UK forestry trading reaches record level after 'astonishing year'

Forestry and land prices have moved ahead strongly again this year, a new report shows
Forestry and land prices have moved ahead strongly again this year, a new report shows

The value of the UK forestry market has reached record levels following an 'astonishing year' with competitive bidding seeing average values rise significantly.

According to the latest edition of the UK Forest Market Report, the forestry and woodland sector has a 'very positive outlook'.

It shows that in 2020 a total of just over £200m of forestry properties were traded - a 58% increase on 2019 - the highest value traded on record.

The average cost of a forest property more than doubled from £1.56m in 2019 to £3.28m in 2020.

There was a 39% increase in forestry values from £11,749 per stocked hectare in 2019 to £15,962 per stocked hectare in 2020.

Scotland provided the largest share of commercial forest market at 69% by value, and England showed an increase in planting with 2,330ha, up from 1,420ha last year.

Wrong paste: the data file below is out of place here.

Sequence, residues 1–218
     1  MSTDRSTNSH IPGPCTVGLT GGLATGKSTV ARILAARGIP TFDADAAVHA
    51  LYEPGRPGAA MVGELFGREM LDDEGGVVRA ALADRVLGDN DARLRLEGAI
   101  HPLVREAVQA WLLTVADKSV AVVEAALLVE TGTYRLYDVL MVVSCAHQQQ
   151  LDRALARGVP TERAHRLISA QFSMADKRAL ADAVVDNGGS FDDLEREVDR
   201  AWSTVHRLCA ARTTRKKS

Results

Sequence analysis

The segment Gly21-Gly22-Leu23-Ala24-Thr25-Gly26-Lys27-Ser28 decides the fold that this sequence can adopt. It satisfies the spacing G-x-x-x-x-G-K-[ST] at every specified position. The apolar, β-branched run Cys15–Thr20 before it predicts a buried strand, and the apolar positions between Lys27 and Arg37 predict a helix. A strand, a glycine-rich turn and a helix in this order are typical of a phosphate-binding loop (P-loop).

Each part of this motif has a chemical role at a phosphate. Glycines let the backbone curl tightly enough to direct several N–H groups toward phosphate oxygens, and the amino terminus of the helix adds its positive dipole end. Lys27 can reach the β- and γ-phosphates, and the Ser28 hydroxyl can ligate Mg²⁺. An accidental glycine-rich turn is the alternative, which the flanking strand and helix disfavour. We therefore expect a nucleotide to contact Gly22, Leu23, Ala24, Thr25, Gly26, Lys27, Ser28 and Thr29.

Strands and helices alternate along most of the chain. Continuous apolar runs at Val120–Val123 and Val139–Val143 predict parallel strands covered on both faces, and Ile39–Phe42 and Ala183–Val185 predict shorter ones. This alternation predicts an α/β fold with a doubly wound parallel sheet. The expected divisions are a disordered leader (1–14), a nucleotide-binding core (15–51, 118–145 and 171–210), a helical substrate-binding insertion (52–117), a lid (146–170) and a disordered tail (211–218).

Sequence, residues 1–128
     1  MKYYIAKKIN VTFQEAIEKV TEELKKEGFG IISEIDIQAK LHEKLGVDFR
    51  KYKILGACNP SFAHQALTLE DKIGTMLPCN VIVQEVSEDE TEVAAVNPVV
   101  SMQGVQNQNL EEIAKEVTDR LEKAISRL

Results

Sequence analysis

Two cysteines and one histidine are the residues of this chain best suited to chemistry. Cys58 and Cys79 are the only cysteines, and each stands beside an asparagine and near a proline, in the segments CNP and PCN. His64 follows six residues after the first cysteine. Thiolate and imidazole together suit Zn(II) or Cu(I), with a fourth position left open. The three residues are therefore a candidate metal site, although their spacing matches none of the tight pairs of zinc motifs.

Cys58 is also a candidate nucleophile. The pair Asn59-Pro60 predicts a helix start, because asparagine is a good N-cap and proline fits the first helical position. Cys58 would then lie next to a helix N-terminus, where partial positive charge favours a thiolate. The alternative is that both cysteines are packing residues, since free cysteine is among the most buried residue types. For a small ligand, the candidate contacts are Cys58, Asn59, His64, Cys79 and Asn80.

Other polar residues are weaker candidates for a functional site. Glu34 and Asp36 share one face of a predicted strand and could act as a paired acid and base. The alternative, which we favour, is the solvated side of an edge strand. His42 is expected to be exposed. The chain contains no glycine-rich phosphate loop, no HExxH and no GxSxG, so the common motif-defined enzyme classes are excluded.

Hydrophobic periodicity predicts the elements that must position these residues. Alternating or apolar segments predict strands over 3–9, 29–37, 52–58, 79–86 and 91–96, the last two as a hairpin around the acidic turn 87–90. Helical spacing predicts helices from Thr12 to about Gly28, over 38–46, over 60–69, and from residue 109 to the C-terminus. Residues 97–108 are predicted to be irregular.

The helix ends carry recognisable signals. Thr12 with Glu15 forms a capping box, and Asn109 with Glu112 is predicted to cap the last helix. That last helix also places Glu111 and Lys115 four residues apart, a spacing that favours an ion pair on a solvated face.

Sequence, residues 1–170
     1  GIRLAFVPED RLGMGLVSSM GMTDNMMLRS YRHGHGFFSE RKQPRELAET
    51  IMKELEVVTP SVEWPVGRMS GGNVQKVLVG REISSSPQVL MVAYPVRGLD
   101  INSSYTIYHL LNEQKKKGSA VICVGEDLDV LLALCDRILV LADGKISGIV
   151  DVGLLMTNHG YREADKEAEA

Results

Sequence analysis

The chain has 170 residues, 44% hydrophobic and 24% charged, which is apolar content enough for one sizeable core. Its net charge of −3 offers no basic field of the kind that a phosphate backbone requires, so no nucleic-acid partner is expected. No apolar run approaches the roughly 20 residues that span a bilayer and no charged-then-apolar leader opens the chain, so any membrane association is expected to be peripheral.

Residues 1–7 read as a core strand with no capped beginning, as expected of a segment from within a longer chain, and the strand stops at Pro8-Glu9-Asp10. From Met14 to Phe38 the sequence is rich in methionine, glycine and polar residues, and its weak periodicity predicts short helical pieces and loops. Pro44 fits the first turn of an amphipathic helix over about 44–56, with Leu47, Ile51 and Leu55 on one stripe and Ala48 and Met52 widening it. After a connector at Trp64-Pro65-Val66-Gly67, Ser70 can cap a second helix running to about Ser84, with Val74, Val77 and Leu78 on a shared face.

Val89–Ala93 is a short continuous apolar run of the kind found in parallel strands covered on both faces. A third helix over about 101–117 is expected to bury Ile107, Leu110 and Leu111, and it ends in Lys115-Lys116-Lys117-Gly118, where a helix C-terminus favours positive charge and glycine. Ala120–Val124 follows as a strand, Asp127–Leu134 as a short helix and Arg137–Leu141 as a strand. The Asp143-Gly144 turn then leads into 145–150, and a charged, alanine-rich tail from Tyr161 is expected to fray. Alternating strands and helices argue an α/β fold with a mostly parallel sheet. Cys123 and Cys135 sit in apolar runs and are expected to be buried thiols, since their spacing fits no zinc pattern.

But Wales planted just 80ha, the lowest annual figure seen in 50 years, the report says.

Forestry firms Tilhill and John Clegg & Co, the report's authors, said the UK forestry market had 'performed robustly through 2020'.

"The market in 2020 has been very competitive. This year most properties were sold above guide price," said Bruce Richardson, head of investment at Tilhill.

He said the most striking story this year had been the level of interest shown in younger restock sites as opposed to the more mature forests.

"The younger forests are attracting higher unit prices per ha partly because the 2020 market included some very high-quality younger forestry in prime locations," he added.

"We believe these prices show investor confidence in the future of the timber market, based on evidence that the improved varieties of spruce, a result of genetic research, planted in recent years are performing as forecast with improved yield and form."

Mr Richardson said the firm saw a 'well-balanced set of investor objectives' attracted by long-term returns, and from investors attracted by the 'contra-cyclical nature of forestry investment'.

There has also been an increase in interest for smaller woodlands, according to the report.

The number of such properties which came to the market in 2020 was down on the previous year from 44 in 2019 to 30 in 2020, but with demand outstripping supply between June and September.